RUEHAD/AMEMBASSY ABU DHABI PRIORITY 2541
RUEHJI/AMCONSUL JEDDAH PRIORITY 0386
RUEHDH/AMCONSUL DHAHRAN PRIORITY 0287
RUEHLH/AMCONSUL LAHORE PRIORITY 0050
RUSBPW/AMCONSUL PESHAWAR PRIORITY 0186
C O N F I D E N T I A L SECTION 01 OF 02 RIYADH 001415 

SIPDIS 

EO 12958 DECL: 10/21/2019 
TAGS SA, PK, AF, PREL, PGOV 

SUBJECT: PAKISTANI AMBASSADOR ON MILITARY OPERATIONS IN 
FATA; SAUDI RELATIONS
RIYADH 00001415 001.2 OF 002

Classified By: Ambassador James B. Smith for reasons 1.4 (B) and (D)

SUMMARY:
--------- 

1. (C) During an Oct. 20 courtesy call with the Ambassador, Pakistani Ambassador Umar Khan Alisherzai highlighted the success of recent military operations in Pakistan’s tribal areas; lamented strains on the Saudi-Pakistani bilateral relationship; discussed other regional issues affecting Pakistan; and offered his advice on countering extremism in rural tribal regions. End Summary.

WAZIRISTAN: “REASONABLE RESISTANCE, BUT NOT AS MUCH AS WE EXPECTED”
----------------------------------- 

2. (C) Alisherzai described the Pakistani military operations in Waziristan as “progressing well,” adding that they had encountered “reasonable resistance, but not as much as we expected.” The army faced difficult terrain in the region, he continued, but had already killed over 100 militants. Alisherzai described the extremists as a group of “Chechens, Saudis, Uzbeks and others” who had come across the border from Afghanistan and sought refuge with the local population.  Although tribal tradition required the Pakistanis to offer them shelter, he explained, “these people turned out to be monsters,” and the local population turned against them.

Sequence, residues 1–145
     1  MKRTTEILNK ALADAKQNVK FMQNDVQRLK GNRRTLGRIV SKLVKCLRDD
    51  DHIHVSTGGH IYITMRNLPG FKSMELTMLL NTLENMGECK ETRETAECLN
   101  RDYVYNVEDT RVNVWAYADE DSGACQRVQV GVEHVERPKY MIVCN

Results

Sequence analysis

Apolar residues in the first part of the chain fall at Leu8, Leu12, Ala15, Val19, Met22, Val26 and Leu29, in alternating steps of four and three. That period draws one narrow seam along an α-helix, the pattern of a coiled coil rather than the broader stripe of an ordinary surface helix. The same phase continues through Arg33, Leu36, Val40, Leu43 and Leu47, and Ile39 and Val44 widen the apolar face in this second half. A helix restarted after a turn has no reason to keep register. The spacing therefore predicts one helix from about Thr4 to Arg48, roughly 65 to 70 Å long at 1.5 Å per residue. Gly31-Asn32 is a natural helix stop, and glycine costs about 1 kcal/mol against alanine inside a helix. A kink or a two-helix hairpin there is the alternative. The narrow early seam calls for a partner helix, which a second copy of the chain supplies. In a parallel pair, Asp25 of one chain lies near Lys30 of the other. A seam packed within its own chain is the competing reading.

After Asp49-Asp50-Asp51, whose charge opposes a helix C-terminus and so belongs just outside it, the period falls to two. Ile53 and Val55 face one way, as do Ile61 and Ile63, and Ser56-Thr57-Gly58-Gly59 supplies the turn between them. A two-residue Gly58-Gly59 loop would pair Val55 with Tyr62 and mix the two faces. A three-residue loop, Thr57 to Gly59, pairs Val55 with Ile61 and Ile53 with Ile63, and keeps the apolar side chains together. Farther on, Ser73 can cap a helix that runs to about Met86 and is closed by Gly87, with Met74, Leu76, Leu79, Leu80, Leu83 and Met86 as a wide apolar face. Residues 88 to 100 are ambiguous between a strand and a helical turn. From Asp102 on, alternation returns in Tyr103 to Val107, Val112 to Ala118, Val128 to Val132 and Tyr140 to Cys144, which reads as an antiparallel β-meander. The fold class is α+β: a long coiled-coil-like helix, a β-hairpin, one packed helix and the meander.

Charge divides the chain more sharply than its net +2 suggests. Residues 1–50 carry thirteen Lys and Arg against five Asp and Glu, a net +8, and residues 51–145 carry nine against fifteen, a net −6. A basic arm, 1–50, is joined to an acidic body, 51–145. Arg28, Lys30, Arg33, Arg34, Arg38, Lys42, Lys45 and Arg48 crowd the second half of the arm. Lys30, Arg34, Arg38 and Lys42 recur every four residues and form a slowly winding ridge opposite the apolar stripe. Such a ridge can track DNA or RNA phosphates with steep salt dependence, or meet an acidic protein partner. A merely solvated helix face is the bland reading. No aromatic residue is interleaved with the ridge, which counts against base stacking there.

SWAT VALLEY: A SUCCESS STORY?
----------------------------- 

3. (C) Alisherzai pointed to the military’s advances against the Taliban in the Swat Valley as one example of success in the region. The cooperation of the local people was a decisive factor, as they provided the most effective intelligence to the military after realizing that “the militants were not interested in Islam at all.” In addition, the military and police in Swat provided weapons to local tribes. When pressed about conditions in Swat, Alisherzai admitted that the Pakistani military still faced challenges due to their limited resources. He said that 10,000 soldiers had been relocated from the Indian border to Swat and that 100,000 new soldiers were placed there as well. However, Alisherzai was quick to point out that the 100,000 new soldiers were inexperienced.